Downtown was a sea of red shirts and jerseys hours before the game—which, as a reminder, was being played 2,400 miles away in Vegas. Fans who received a ticket to the arena watch party filed in early for the Washington Mystics game (an 88-80 loss to the Minnesota Lynx) and hundreds began gathering outside near the National Portrait Gallery museum where several screens were set up.
A guy with a bullhorn led chants while riding around on an “Ovi for Prez” podium. Two 26-year-old roommates from Adams Morgan brought along a project they spent four hours working on this week—a Stanley Cup replica made entirely out of LaCroix cans topped with a colander. Jack Clauff and George Davis had been saving the cans for the past month, and when the Capitals made the Stanley Cup Final, they decided to build their cup.
They posed for photos with admirers of their handiwork and made plans to celebrate with it later that night, saying that they would probably drink from the colander.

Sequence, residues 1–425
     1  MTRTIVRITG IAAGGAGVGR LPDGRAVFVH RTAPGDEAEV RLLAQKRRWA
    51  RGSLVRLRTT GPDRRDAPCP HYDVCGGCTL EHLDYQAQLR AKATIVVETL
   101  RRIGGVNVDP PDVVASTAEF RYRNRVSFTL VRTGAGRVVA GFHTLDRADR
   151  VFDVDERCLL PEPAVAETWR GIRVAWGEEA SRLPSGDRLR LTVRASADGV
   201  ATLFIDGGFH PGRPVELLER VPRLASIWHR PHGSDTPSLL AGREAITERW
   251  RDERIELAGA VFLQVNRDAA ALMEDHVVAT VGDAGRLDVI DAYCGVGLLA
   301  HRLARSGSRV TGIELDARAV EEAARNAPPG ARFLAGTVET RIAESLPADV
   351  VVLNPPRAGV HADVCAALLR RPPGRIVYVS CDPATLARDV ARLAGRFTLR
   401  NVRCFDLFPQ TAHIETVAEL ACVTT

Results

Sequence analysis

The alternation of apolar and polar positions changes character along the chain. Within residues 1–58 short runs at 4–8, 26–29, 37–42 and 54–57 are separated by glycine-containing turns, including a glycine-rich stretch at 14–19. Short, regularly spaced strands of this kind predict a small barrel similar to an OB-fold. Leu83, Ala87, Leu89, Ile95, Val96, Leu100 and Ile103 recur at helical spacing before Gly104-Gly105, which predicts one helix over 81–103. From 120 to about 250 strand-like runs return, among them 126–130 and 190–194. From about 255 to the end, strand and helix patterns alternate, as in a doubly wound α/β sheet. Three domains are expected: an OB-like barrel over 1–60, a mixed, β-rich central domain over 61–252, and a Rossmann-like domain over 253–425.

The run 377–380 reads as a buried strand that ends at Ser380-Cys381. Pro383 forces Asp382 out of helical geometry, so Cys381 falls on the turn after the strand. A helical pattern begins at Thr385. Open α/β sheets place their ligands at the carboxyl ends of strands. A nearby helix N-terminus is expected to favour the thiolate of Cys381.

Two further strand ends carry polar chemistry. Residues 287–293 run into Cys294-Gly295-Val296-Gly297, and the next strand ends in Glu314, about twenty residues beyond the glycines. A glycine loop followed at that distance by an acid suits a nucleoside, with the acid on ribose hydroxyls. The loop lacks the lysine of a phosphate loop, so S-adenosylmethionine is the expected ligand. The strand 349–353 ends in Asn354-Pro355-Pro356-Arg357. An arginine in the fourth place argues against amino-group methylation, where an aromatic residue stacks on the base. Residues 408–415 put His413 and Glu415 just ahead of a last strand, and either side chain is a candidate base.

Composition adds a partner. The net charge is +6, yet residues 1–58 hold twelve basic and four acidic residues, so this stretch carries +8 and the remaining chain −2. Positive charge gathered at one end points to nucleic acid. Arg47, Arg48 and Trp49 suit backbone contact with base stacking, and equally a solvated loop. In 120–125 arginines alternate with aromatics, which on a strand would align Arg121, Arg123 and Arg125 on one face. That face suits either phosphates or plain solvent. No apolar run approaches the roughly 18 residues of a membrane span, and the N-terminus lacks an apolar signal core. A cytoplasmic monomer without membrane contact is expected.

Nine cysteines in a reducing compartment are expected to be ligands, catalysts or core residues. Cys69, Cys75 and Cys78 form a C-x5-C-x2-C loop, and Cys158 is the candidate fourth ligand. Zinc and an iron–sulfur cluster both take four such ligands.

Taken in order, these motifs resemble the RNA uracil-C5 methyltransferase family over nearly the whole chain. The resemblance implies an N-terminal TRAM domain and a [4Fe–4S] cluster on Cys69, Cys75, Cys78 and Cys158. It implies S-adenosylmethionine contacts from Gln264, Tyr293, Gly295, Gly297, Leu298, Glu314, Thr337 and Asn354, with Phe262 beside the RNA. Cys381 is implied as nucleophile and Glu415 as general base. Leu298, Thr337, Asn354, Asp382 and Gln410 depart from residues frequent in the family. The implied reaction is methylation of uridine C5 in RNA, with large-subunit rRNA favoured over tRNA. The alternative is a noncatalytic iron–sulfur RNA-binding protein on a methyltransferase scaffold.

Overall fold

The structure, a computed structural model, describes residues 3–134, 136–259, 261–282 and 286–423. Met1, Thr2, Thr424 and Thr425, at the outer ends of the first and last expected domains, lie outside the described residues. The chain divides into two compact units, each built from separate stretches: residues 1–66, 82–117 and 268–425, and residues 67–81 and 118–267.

“This is the best D.C. sports event I’ve ever been to,” Davis said.
When the puck dropped at 8:23 p.m., the crowd inside Capital One Arena roared as loud as it ever has, even though the fans were watching the action on Jumbotrons. Capital One Arena’s capacity is 18,277 and while there were dozens of empty seats in the upper level, the arena shook each time the Capitals scored.
After the Knights took a 3-2 lead in the second period, a palpable sense of unease began to spread. NBC Sports Washington anchor and reporter Al Koken appeared on the screen and asked, “We still feel all right. Right Caps fans?” A portion of the crowd responded with a not so convincing, “Yeah!”
But instead of fading, and letting the air out of the arena, the Capitals scored in third period to tie the game. Then they scored again with 7 minutes 37 seconds remaining. Then they did something a D.C. team hadn’t done since 1992, and hadn’t had a chance to do since the Capitals reached the Stanley Cup Final in 1998. They won.
And in the process, they made D.C. sports fans believers once again.